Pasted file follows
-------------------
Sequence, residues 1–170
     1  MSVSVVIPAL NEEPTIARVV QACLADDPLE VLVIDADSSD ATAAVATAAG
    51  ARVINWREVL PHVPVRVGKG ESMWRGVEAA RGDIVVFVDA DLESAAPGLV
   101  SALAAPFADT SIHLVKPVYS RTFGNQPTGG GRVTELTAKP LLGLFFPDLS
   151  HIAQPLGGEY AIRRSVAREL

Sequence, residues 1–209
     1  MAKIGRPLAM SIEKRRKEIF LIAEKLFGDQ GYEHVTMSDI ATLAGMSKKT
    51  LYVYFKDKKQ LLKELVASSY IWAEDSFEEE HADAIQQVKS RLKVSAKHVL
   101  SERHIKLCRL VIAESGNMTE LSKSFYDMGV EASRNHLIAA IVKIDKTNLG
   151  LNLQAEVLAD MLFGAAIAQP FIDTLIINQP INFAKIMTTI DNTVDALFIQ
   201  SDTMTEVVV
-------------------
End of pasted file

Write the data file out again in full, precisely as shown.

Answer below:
Sequence, residues 1–170
     1  MSVSVVIPAL NEEPTIARVV QACLADDPLE VLVIDADSSD ATAAVATAAG
    51  ARVINWREVL PHVPVRVGKG ESMWRGVEAA RGDIVVFVDA DLESAAPGLV
   101  SALAAPFADT SIHLVKPVYS RTFGNQPTGG GRVTELTAKP LLGLFFPDLS
   151  HIAQPLGGEY AIRRSVAREL

Sequence, residues 1–209
     1  MAKIGRPLAM SIEKRRKEIF LIAEKLFGDQ GYEHVTMSDI ATLAGMSKKT
    51  LYVYFKDKKQ LLKELVASSY IWAEDSFEEE HADAIQQVKS RLKVSAKHVL
   101  SERHIKLCRL VIAESGNMTE LSKSFYDMGV EASRNHLIAA IVKIDKTNLG
   151  LNLQAEVLAD MLFGAAIAQP FIDTLIINQP INFAKIMTTI DNTVDALFIQ
   201  SDTMTEVVV